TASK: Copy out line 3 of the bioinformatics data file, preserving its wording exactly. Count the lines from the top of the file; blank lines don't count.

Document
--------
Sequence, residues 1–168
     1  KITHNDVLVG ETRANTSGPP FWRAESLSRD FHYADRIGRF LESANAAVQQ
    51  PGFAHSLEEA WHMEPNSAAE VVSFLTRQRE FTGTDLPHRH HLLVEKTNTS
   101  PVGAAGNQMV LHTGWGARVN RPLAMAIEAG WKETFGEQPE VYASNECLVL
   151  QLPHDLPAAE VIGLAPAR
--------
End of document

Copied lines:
    51  PGFAHSLEEA WHMEPNSAAE VVSFLTRQRE FTGTDLPHRH HLLVEKTNTS